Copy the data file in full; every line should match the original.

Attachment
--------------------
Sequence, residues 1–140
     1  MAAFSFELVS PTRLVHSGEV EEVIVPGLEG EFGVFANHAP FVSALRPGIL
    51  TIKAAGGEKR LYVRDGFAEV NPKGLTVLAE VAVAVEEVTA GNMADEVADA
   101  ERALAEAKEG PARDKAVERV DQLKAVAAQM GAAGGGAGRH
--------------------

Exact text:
Sequence, residues 1–140
     1  MAAFSFELVS PTRLVHSGEV EEVIVPGLEG EFGVFANHAP FVSALRPGIL
    51  TIKAAGGEKR LYVRDGFAEV NPKGLTVLAE VAVAVEEVTA GNMADEVADA
   101  ERALAEAKEG PARDKAVERV DQLKAVAAQM GAAGGGAGRH